Kasich replied that in Ohio, “we think that when you enroll you ought to absolutely know” how to report sexual harassment “or whatever” confidentially, access a rape kit, and “pursue justice after you’ve had some time to reflect on it all.” Adding that similar rules should be applied nationwide, he continued that he has “two 16-year-old daughters, and I don’t even like to think about it.”

“It’s sad, but it’s something that I have to worry about,” the student noted.

“I’d also give you one bit of advice. Don’t go to parties where there’s a lot of alcohol. OK? Don’t do that,” Kasich responded.

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After the town hall, Kasich’s campaign tweeted“Only one person is at fault in a sexual assault, and that’s the assailant.”

Victims needs [sic] to know we’re doing everything we can to have their backs, and that’s happening in Ohio under John Kasich’s leadership,” said another tweet from the campaign.

However, Kasich’s comments had already begun to garner criticism from those who felt he was placing the responsibility for stopping sexual violence on the victims.

“Let me say this simply, so that the governor can understand—rape victims are not responsible for rape. It’s on all of us—men and women—to address campus sexual assault,” Ohio Democratic Party spokeswoman Kirstin Alvanitakis said in a statementaccording to Cincinnati.com.

Others argued that Kasich’s statement was reflective of his past record on reproductive rights and women’s health.

“John Kasich’s plan for combating sexual assault as president is to blame women who go to parties. John Kasich’s pattern of dismissing the concerns of women is disturbing enough,” said Dawn Laguens, vice president of Planned Parenthood Action Fund (PPAF), in a statement. PPAF has already endorsed Clinton for the presidency. 

“As Governor, John Kasich has implemented policies that reflect his disregard for women, enacting 18 measures that restrict women’s access to reproductive health care while nearly half the abortion providers in his state closed their doors. He eliminated domestic violence prevention and a healthy moms and healthy babies program, simply because they were provided by Planned Parenthood. A John Kasich presidency would punish women. We can’t let his dangerous agenda into the White House,” continued Laguens.

As ThinkProgress’ Alice Ollstein explained, not only did Kasich’s so-called advice seem to blame the victim, it “also perpetuates the disproved myth that there is a direct link between alcohol consumption and rape. In fact, incidents of rape have been declining since 1979, while binge drinking has been steadily rising during the same time period. While alcohol is present in about half of all sexual assaults, it’s also present in about that same percentage of all violent crimes.”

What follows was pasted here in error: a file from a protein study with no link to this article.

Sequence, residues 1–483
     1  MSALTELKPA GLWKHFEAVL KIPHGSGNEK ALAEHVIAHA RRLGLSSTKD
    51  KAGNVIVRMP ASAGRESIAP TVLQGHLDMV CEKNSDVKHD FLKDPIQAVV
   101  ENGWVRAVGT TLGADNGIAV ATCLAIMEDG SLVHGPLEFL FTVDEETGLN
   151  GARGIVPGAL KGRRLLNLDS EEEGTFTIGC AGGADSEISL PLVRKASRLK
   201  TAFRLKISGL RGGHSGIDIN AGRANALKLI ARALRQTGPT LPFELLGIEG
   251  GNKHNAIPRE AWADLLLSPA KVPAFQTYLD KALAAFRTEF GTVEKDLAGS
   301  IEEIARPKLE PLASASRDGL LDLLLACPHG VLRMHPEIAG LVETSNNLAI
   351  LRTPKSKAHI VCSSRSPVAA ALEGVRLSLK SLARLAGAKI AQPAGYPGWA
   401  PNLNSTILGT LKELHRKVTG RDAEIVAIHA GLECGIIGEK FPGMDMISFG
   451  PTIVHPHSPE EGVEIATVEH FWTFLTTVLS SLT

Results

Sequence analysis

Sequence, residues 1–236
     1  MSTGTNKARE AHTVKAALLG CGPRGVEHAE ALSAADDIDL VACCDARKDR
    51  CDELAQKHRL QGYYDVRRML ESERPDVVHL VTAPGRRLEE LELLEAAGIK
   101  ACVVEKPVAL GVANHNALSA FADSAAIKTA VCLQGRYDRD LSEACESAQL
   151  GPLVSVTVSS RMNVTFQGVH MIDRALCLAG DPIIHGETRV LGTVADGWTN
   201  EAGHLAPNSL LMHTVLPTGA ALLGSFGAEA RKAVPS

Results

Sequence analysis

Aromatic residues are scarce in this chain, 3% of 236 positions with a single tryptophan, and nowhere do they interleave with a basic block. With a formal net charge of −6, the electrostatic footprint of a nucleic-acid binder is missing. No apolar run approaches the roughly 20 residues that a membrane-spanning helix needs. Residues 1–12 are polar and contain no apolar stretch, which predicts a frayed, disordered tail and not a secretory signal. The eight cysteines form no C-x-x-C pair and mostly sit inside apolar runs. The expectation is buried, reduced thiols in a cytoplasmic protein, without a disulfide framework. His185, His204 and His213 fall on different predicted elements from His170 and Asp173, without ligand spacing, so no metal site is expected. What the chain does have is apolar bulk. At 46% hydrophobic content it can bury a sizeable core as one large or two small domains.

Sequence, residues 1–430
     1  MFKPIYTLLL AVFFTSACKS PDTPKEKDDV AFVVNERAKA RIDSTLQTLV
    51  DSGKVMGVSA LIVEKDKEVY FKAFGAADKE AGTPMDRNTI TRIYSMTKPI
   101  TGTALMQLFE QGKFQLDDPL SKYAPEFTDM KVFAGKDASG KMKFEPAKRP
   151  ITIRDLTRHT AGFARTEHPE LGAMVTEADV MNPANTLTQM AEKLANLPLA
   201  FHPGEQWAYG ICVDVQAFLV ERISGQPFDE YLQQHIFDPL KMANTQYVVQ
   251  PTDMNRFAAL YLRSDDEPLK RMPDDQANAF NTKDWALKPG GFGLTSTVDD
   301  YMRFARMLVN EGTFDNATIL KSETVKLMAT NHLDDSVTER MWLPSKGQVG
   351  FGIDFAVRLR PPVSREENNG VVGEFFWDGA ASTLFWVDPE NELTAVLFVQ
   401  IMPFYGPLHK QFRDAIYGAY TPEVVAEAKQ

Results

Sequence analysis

At least one in four undergraduate women are sexually assaulted during their time on campus, according to a September 2015 survey conducted by the Association of American Universities.

Kasich similarly pitched the merits of confidential reporting of campus sexual violence during a February town hall event hosted by CNN, where he promised, if elected, to “use a bully pulpit” to “speak out” on the topic and push “legislatures to begin to pay attention to these issues.”

The Ohio governor’s state budget for fiscal year 2016 also included $2 million to prevent and respond to campus sexual assault. In October, the Ohio Department of Higher Education launched an initiative to “prevent and better respond to incidents of sexual violence” on all of the state’s college campuses using the money allocated by the budget.

However, Kasich’s 2013 budget contained a “gag rule” provision blocking funding for rape crisis centers that provide information about abortion. Among the other anti-choice provisions included in the budget was a mandate on ultrasounds for abortions and the reallocation of Planned Parenthood funds to crisis pregnancy centers, which regularly lie to patients in order to persuade them not to have an abortion.